Safaris And Diseases – Will You Get Sick?
Diseases – Will You Get Sick?
The chance of contracting a disease while traveling
on safari in Africa is actually very slight and with
proper precautions, most diseases can be easily avoided.
In fact, you may be surprised to learn that for southern
Africa (South Africa, Namibia, Botswana, Zambia and
Zimbabwe) there are no required inoculations (unless
traveling from a yellow fever zone) and health concerns
are basically the same as those for travel to Eastern
Europe or the Caribbean. For East Africa, health
concerns and inoculations are similar to those for
travel to South America or East Asia. In addition,
Southern Africa has some of the finest medical facilities
anywhere in the world and they are easily accessible,
should the need arise.
Interestingly, the two most common health problems
travelers experience while on safari are common colds
caught on airplanes and overexposure to the sun.
Although there may be little you can do to avoid
contracting a cold, exposure to the sun can be minimized.
A good sun hat and high SPF sun block are absolute
essentials while on safari. Other safari necessities
include lip balm with sunscreen and a good pair of
sunglasses with a sturdy case.
Be sure to drink large amounts of water every day
to avoid dehydration and consider taking sodium tablets
to replenish your body’s salts. In countries
where drinking water isn't properly regulated, it
is advisable to stick to bottled or boiled water
and avoid tap water, water fountains and ice cubes.
Ask your travel company about the safety of drinking
water in the areas you'll be visiting.
Although malaria is certainly present in Africa,
if proper precautions are observed, the risks of
contracting this disease are minimal. However, if
you're traveling to an area where malaria is known
to be prevalent, you should plan on taking the following
Apply insect repellent to exposed skin - recommended
repellents contain 20%-35% DEET, and there are
a number of different brands on the market to choose
Wear long-sleeved clothing and long pants if
you're outdoors at night.
Avoid swimming in stagnant water.
Use a mosquito net if your tent or room isn't
screened or air-conditioned and spray insecticide
or burn a mosquito coil before going to bed.
Take the malaria tablets recommended for the
region you're traveling to, and keep taking them
until the course is complete.
If you do experience
flu-like symptoms either during, or within four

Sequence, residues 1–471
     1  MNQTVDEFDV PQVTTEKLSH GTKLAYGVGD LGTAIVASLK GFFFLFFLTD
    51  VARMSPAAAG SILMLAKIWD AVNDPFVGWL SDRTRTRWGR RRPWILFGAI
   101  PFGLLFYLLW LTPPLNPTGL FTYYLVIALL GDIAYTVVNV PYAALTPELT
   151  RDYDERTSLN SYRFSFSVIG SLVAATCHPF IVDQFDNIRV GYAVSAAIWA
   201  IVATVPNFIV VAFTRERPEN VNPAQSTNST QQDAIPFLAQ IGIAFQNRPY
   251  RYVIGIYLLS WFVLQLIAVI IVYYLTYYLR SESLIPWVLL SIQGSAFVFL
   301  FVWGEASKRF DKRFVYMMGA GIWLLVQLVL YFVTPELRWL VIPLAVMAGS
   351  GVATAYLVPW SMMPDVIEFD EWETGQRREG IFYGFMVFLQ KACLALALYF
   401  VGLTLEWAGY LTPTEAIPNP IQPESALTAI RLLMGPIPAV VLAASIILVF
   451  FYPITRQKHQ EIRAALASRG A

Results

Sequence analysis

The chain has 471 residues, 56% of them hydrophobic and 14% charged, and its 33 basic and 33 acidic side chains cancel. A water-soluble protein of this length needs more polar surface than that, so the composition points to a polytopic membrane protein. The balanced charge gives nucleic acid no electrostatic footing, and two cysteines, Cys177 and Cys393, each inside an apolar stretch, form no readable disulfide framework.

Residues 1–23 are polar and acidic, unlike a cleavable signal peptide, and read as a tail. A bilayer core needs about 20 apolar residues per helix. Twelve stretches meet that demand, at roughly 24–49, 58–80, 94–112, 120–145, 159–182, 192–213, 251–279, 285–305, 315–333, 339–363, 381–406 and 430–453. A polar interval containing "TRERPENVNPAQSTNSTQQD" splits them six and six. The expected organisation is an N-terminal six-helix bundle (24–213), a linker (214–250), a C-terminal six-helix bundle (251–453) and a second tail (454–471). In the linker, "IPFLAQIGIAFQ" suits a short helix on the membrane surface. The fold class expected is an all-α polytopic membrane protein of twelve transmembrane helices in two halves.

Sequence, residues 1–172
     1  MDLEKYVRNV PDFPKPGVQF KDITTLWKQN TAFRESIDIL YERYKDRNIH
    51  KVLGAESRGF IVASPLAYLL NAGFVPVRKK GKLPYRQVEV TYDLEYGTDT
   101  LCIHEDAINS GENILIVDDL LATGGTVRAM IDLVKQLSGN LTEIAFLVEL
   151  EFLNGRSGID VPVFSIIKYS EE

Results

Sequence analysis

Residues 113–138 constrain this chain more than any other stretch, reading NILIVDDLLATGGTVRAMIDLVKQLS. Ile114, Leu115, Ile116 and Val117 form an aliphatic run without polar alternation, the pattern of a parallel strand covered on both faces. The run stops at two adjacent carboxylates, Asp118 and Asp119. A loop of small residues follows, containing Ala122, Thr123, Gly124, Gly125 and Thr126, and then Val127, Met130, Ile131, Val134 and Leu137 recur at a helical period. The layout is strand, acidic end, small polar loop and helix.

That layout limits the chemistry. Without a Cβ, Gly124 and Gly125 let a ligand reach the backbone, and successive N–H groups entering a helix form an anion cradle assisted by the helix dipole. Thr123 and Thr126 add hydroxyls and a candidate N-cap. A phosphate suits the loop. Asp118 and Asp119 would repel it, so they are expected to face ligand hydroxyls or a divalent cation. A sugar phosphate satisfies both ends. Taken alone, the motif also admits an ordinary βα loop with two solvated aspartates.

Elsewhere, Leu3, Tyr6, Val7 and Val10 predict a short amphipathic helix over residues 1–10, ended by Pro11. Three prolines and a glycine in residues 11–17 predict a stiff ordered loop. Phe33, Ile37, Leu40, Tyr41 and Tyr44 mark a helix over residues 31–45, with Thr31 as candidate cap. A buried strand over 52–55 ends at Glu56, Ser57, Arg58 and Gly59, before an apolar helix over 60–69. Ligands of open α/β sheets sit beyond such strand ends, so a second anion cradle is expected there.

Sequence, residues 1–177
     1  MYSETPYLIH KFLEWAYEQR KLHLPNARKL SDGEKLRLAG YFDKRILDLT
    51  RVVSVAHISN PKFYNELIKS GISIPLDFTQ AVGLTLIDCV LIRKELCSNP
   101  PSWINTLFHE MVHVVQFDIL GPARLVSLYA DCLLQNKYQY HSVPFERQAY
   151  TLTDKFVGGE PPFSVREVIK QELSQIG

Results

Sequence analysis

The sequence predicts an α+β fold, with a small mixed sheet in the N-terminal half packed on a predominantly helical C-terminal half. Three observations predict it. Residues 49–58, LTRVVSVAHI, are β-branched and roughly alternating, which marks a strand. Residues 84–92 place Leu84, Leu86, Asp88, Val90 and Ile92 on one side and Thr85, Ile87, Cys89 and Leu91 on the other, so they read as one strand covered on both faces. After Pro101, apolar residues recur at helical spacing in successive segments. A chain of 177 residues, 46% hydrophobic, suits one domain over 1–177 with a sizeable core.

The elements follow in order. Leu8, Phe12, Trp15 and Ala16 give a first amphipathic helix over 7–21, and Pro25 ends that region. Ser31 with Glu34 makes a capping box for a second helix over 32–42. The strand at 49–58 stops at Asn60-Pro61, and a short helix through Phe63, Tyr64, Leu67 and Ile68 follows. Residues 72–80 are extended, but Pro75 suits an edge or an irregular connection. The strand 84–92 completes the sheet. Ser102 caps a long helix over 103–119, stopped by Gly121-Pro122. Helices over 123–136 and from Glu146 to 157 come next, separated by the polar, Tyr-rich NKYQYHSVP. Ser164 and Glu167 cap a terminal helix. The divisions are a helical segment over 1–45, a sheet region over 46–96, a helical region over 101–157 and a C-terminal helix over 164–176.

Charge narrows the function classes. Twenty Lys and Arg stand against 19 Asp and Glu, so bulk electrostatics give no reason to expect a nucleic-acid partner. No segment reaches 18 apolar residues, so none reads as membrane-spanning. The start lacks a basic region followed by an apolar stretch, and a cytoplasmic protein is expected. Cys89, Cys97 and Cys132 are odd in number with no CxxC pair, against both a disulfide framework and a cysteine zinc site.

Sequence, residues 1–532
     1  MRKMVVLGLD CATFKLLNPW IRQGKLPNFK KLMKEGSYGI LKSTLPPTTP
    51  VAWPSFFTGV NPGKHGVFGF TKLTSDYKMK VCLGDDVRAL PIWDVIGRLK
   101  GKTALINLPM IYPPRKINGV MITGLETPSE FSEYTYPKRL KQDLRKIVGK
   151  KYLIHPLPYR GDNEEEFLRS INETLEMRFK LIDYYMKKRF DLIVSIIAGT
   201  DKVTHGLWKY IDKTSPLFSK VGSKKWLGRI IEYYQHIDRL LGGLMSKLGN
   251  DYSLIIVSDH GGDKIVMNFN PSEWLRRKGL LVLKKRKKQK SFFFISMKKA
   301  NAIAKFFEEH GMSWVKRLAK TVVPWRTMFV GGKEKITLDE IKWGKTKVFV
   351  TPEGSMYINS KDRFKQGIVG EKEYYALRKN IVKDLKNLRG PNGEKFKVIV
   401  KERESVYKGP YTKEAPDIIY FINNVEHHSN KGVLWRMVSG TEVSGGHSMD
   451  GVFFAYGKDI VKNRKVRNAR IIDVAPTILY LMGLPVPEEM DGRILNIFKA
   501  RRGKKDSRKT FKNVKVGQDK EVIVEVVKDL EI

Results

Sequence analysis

to six weeks after your visit to a malaria area,
visit a doctor immediately. More detailed information
on malaria may be found on the Web site for the
US CDC - Centers for Disease Control and Prevention.
What is the risk of HIV/AIDS for safari travelers?
Although this disease is prevalent in Africa, you
will, in all likelihood, not come across any evidence
of it at all. Because AIDS is primarily a lifestyle
disease, there are only certain ways of contracting
it. If you are planning any sort of intimate contact,
always use condoms to reduce the risk of HIV infection
and other sexually transmitted diseases. In addition,
you should avoid handling strange animals, especially
monkeys, dogs and cats for any reason. In the unlikely
event that you are involved in an accident, the blood
in Africa is very well screened and several different
air evacuation services are available, such as the
Flying Doctor Service, Medjet Assist, and the Medivac
systems. Your travel insurance company can
provide further details.
Besides malaria, there are other insect-borne diseases
in Africa such as dengue, yellow fever and sleeping
sickness (transmitted by tsetse fly bite). However,
these are less common and using the same precautions
as you would against mosquito bites -specifically,
long-sleeved clothes and trousers, repellents and
mosquito nets - will help prevent them.
for Disease Control (CDC) lists the following
vaccines, which may be recommended for travel to
Southern Africa. Discuss your travel plans and personal
health with a health-care provider to determine which
vaccines you will need. You should see your doctor
at least 4-6 weeks before your trip to allow time
for them to take effect:
Hepatitis A or immune globulin (IG)
Finally, use common sense when it comes to food and
beverages. If you're unsure of their origin, don't
eat or drink them. However, general health problems
due to poor food preparation are most unlikely in the
high quality places at which people on safari typically
Hepatitis B if you might be exposed to blood
(for example, health-care workers), have sexual
contact with the local population, stay longer
than 6 months, or be exposed through medical treatment
Rabies, if you come into direct contact with
wild or domestic animals
Typhoid, particularly if you are visiting developing
Booster doses for tetanus-diphtheria, measles
and a one-time dose of polio vaccine for adults,
A yellow fever vaccination certificate may be
required for entry into certain African countries,
particularly if you are coming from a country in
tropical South America or elsewhere in Sub-Saharan
an African safari company, boasts an extremely
knowledgeable team of staff members, who are
passionate about every aspect of travel to Africa, including its wildlife and safari destinations.
When you're ready to plan your African safari,
a holiday in Africa, or if you just have questions,
please feel free to contact us toll free at 800-457-9575
or visit our web site at http://www.eyesonafrica.net/contactus.htm and
complete an information request form.
on Africa was selected most knowledgeable
Regional Expert for Southern Africa / Safaris by
National Geographic Traveler Magazine,
20th Anniversary Special Issue.